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Centers of Progress: Florence (Art)

Historical Significance Of Florence, Italy

Historical Significance Of Florence, Italy

Known as the ‘Jewel Of Italian Renaissance’, the city of Florence has countless groundbreaking developments, seeing advances in politics, finance, business, engineering, philosophy, science, architecture, and artistic creativity. The 15th century CE, the golden age of Florence saw many historic art projects, even after a pandemic killed half of the city’s population.

Currently, Florence is the capital of Tuscany, Italy, and its most populous. The breathtaking scenery and long history make it one of the most beautiful cities in the world.

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Hangzhou in 12th century CE China
Hangzhou in 12th century CE China
  • During the late Song Dynasty, with the innovation of printing and manufacturing, the Song came closer to initiating an industrial revolution than any other premodern state.
Living during the Song era in Hangzhou
  • The average Chinese person had increased growth in their income level as the economy expanded.
  • The economy grew due to new technological and agricultural advances and efficient trade routes.
  • The era saw an increase in international trade, as Chinese merchants expanded their trade networks up to East Africa. Using paper money helped motivate people to deal with larger transactions than before.
  • During a visit in the 13th century CE, Italian explorer Marco Polo described Hangzhou as the most magnificent city in the world.
Innovations in Hangzhou
  • Hangzhou has been an important city since the 7th century CE, when its Grand Canal was built to connect the urban centre to Beijing. It is the world's longest artificial river.
  • Woodblock printing developed in Buddhist monasteries to reproduce spiritual texts. During the Song era, it was widely adopted for non-religious purposes and supercharged intellectual life in the Song dynasty.
  • Hangzhou was a place of great creativity. In the 11th century CE, polymath Shen Kuo (1031 - 1095 CE) invented the magnetic compass, drew the world's first topographical map, and recorded the process of sedimentation.
  • Other technological breakthroughs includes the compass, the first mechanical clocks, and the invention of forensic science.
  • The economic and technological advancements of the Song era translated into improving living conditions for the average person.
Urban sanitation
Urban sanitation

Mohenjo-Daro is a city in today's Pakistan that pioneered new standards of urban sanitation. Mohenjo-Daro was the earliest and largest urban center of the ancient Indus Valley civilization, con...

Advances in sanitation

Humanity has been vulnerable to rapidly spread illnesses because disease propagates more easily in concentrated populations without adequate sanitation.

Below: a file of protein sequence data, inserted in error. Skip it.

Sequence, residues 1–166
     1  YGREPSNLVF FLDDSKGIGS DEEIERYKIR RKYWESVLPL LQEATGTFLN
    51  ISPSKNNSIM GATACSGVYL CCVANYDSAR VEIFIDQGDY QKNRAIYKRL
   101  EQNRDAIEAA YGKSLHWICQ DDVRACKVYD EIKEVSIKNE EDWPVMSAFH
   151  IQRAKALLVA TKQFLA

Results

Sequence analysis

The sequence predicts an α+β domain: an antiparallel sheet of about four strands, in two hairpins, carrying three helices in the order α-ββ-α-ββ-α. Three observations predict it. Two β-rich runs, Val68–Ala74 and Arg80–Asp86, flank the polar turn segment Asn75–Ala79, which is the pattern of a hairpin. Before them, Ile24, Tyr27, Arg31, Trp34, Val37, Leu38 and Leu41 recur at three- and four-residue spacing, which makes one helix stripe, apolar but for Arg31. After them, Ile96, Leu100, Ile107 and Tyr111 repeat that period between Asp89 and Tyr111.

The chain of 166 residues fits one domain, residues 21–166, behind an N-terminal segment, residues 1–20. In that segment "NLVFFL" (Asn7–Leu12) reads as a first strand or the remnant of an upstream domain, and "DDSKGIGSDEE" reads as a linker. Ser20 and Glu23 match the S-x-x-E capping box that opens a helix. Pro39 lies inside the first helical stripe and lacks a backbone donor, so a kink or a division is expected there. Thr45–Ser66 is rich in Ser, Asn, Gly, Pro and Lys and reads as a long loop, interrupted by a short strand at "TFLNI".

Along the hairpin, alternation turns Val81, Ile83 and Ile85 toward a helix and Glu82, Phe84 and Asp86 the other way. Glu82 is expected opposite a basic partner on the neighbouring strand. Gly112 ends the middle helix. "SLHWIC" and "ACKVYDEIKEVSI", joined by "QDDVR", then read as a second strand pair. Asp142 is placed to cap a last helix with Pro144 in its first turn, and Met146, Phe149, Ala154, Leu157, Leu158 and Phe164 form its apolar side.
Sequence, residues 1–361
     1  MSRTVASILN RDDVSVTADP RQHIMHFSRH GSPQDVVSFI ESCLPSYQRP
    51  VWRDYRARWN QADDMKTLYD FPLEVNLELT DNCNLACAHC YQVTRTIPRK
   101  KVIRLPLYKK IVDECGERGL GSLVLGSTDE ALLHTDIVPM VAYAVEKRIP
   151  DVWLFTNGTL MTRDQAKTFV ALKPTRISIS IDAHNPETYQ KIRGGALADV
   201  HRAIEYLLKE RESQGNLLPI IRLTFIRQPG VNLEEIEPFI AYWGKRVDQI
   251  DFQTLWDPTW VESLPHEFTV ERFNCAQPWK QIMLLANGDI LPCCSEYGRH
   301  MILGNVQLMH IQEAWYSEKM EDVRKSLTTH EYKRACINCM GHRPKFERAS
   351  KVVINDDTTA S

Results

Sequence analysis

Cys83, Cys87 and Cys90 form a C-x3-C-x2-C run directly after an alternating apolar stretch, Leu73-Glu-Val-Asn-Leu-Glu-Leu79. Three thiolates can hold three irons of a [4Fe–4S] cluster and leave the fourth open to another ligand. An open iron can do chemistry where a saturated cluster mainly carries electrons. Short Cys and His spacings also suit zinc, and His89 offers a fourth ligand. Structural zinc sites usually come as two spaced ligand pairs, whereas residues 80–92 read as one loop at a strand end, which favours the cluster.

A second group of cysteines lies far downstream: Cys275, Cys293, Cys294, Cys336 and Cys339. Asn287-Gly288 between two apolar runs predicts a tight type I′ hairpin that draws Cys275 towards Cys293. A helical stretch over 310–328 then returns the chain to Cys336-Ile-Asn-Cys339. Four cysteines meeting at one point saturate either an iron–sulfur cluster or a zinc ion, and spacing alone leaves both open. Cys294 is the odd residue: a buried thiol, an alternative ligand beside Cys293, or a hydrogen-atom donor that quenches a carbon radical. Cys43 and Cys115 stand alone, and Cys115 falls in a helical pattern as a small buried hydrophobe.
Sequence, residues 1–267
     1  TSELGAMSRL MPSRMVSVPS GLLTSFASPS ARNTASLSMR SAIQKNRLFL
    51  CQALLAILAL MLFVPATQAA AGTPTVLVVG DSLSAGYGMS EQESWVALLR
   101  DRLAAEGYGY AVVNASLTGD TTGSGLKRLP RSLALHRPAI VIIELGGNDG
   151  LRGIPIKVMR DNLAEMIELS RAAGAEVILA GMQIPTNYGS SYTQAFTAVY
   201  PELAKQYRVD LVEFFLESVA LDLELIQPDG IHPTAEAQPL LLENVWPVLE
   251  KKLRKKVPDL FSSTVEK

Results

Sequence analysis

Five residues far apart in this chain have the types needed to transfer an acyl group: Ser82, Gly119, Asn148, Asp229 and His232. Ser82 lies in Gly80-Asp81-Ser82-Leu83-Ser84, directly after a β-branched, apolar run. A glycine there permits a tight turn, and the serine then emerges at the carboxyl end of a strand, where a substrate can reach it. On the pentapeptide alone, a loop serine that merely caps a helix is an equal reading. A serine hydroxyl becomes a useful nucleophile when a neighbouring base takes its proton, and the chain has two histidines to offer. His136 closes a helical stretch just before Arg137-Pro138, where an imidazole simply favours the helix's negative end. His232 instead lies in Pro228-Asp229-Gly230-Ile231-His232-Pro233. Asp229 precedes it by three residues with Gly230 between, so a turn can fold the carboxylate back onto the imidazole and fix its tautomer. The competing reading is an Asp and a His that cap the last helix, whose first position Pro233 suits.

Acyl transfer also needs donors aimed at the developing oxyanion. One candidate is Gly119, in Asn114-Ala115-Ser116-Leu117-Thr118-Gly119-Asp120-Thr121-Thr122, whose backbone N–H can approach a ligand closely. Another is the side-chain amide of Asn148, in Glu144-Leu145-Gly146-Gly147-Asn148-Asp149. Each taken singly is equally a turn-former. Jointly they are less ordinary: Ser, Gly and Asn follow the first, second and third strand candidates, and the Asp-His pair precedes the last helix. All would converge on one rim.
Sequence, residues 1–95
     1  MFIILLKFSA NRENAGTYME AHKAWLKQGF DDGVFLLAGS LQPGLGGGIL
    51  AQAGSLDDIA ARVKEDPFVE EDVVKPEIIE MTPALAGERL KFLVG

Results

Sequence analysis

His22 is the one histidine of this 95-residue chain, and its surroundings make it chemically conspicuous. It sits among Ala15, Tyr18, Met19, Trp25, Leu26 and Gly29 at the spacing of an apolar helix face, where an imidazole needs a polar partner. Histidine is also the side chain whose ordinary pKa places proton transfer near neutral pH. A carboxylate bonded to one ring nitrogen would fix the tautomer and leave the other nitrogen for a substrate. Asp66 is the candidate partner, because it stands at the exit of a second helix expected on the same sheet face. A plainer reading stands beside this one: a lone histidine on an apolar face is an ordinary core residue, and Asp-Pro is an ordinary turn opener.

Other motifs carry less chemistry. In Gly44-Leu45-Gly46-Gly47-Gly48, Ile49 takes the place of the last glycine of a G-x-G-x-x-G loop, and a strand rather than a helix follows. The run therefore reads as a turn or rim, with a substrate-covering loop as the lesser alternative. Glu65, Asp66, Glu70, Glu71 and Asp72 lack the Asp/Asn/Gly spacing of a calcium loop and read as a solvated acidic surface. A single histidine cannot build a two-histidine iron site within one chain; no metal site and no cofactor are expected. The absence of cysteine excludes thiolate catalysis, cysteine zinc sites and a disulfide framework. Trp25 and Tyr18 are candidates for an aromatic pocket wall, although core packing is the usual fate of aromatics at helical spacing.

Advances in sanitation have allowed people to live near one another in cities with less risk to their health, in particular, safe disposal of effluent to spare the water supply from contamination.

The public bathhouse

The Indus Valley civilization arose in the floodplains of the Indus and Sarasvati rivers around 5000 years ago.

In the largest structure in the city Mohenjo-Dar was an immense, elevated public bathhouse, measuring almost 900 square feet. The status of the bathhouse as the city's largest structure suggests that the people highly valued cleanliness.

Athens during the Classical era
Athens during the Classical era
  • The city-state of Athens (5th and 4th centuries BCE) valued intellectual pursuits and open inquiry. That lead to the development of philosophy (the love of wisdom).
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The Acropolis of Athens

The Acropolis is a distinctive feature of today's Athens that was built in the 5th century BCE. It is a cluster of buildings on a rocky outcrop. The famous Parthenon temple on the Acropolis was built to honor Athena and to serve the city's treasury.

Athens during the 5th century BCE was lively. The heart of Athens was its marketplace, or Agora (a place where people gather.) The structures surrounding the Agora's market stalls included stone benches, various altars, and temples, a building named the Aiakeion where laws and legal decisions were displayed, and various stoas or covered porticos.

Athens: An open society

Athens was an unusually open society. It was open to foreign goods, foreigners that were able to attain high-status roles, and the exchange of strange ideas.

Athens borrowed many ideas, such as the Phoenician alphabet, Egyptian medicine and sculpture techniques, Babylonia mathematics, and Sumerian literature, and then improved upon it.